Making Diffy Q less difficult

Machine learning meets math: Solve differential equations with new Julia library

Sarah Schlothauer
© Shutterstock / By Labutin.Art

Need a good math tutor? Julia’s the name and differential equations is the new game. Julia’s latest library combines machine learning with solving differential equations. This collaborative effort shows off the power that Julialang has as a platform for machine learning.

Julia continues to make waves since its co-creators won the 2019 James H. Wilkinson Prize for Numerical Software. The Wilkinson prize is awarded every four years. This year it celebrates the innovative language “for the creation of Julia, an innovative environment for the creation of high-performance tools that enable the analysis and solution of computational science problems.” There’s no better way to start the fresh new year than already on top with a shiny new prize.

Now, the language unveils a new library upon the scientific computing community: DiffEqFlux.jl. It combines the power of solving differential equations and machine learning.

This library for neural differential equations reminds us why Julia deserves the award. Let’s pay our congrats and spread the word.

Nobody solves problems like Julia

SEE ALSO: All eyes on Julia: The language’s growth and creators’ AMA

Julia’s team showed off DiffEqFlux.jl in a blog post on January 18, 2019. The post is a combined effort of Julia library creators and the authors of the Neural Ordinary Differential Equations paper, which won Best Paper of NeurIPS 2018.

First of all, DiffEqFlux.jl is a recipe that combines two great libraries into one elegant interaction: DifferentialEquations.jl and Flux.jl.

DifferentialEquations.jl is a suite for solving, what else, differential equations. (See some example Jupyter notebooks on GitHub and follow the interactive introduction and tutorial.) Are differential equations a long-lost school memory or a concept that you struggle with? That is no problem with the amount of helpful tutorials and introductions. The Jupyter notebook, “An Intro to DifferentialEquations.jl” helps dip you in.

Flux.jl, on the other hand, is an “elegant machine learning stack”. It is a library for machine learning and enables the powerful nature of Julia. Several demos of Flux are available on GitHub in the model zoo. Use the examples as a starting point for your own machine learning models.

With that in mind, the latest library combines differential equations and machine learning into one beautiful package.

Diffy Q + machine learning = match made in heaven

SEE ALSO: Top 5 IDEs for Julia

So, why is machine learning the perfect match for differential equations?

The announcement blog post answers this question (in a very helpful tone – frankly, I wish all mathematical concepts were explained like this). While you should absolutely read the entire explanation, here is just a sample:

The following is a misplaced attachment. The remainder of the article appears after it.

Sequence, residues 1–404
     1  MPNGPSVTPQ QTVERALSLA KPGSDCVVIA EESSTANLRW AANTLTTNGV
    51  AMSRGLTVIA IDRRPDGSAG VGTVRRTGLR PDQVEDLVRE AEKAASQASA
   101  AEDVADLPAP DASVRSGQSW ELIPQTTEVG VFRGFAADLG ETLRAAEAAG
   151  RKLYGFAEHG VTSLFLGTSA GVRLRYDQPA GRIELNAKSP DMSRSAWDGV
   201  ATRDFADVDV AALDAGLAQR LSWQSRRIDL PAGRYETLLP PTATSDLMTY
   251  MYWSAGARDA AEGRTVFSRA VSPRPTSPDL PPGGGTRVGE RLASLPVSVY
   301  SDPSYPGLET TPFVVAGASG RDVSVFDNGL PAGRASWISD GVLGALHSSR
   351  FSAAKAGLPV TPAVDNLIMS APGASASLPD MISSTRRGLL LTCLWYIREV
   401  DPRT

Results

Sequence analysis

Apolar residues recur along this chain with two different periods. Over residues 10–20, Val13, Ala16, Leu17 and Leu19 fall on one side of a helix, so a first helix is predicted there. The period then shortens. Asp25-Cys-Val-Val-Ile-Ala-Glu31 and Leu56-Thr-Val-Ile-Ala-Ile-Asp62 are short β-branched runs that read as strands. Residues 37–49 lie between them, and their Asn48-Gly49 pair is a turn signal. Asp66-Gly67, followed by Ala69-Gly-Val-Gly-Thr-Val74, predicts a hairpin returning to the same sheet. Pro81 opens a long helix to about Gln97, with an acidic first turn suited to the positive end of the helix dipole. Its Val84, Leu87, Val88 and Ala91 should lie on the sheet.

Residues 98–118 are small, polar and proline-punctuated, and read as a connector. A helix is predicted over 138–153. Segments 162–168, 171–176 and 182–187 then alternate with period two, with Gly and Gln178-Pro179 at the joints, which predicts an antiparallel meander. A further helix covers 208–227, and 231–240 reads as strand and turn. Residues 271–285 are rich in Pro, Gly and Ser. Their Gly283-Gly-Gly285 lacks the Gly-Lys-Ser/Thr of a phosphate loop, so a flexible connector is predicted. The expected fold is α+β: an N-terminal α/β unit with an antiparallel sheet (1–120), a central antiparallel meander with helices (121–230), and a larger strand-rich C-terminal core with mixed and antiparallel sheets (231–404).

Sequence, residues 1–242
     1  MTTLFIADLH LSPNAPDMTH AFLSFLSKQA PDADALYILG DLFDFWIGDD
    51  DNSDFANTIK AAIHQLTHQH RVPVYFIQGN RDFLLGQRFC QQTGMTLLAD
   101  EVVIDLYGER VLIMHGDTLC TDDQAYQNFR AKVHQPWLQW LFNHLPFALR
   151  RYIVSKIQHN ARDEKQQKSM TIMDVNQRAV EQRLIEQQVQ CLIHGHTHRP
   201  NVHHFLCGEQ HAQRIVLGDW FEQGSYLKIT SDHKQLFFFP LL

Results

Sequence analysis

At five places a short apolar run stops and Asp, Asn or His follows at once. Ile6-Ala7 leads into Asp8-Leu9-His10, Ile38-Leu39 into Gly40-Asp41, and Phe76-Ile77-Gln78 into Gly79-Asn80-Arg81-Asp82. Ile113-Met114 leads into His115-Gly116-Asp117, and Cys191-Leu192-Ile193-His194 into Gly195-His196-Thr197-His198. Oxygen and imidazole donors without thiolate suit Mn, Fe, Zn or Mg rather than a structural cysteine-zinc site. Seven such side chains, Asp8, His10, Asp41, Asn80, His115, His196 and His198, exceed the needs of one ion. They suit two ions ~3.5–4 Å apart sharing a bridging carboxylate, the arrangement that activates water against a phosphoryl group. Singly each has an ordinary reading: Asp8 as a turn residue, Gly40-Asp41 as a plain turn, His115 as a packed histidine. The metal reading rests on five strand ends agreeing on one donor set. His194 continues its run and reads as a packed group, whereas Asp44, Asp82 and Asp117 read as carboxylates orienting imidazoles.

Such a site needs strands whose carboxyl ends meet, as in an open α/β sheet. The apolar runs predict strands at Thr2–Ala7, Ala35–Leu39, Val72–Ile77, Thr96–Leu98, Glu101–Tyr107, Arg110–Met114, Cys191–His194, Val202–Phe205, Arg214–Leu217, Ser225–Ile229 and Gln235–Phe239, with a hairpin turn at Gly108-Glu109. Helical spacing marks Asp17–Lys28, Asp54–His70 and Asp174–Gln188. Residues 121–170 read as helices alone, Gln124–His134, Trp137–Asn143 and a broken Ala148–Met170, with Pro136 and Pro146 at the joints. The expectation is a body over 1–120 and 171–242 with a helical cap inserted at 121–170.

There are three common ways to define a nonlinear transform: direct modeling, machine learning, and differential equations. Directly writing down the nonlinear function only works if you know the exact functional form that relates the input to the output. However, in many cases, such exact relations are not known a priori. So how do you do nonlinear modeling if you don’t know the nonlinearity? One way to address this is to use machine learning.

The blog post’s comprehensive nature cannot be understated. It sets a new precedent for future tutorials and explanations to come. By the end of the post, you will know how to implement the neural ODE layer in Julia and understand its behavior.

With the neural ordinary differential equation (ODE), machine learning meets math!

High honors for a high-level language

Read the latest documentation about solving differential equations with Julia.

For further reading about differential equation solvers, be sure to read this article by the lead developer of DifferentialEquations.jl. Christopher Rackauckas compares differential equation solver suites in various languages: MATLAB, R, Julia (of course), Python, C, Mathematica, Maple, and even an old-school set of Fortran solvers. The article highlights the good and bad about all methods, their limitations and efficiency. (If you haven’t tried Julia yet, perhaps Christopher Rackauckas’ writing will convince you.)

Congratulations once again to Julia for winning the James H. Wilkinson Prize for Numerical Software. All the praise is well-deserved.

We all look forward to seeing what the future holds. Take a bow, you earned it!

Sarah Schlothauer

Sarah Schlothauer

All Posts by Sarah Schlothauer

Sarah Schlothauer is the editor for She received her Bachelor's degree from Monmouth University, West Long Branch, New Jersey. She currently lives in Frankfurt, Germany with her husband and cat where she enjoys reading, writing, and medieval reenactment. She is also the editor for Conditio Humana, an online magazine about ethics, AI, and technology.

1 Comment
Inline Feedbacks
View all comments
soundcloud converter
soundcloud converter
2 years ago

This is so well written.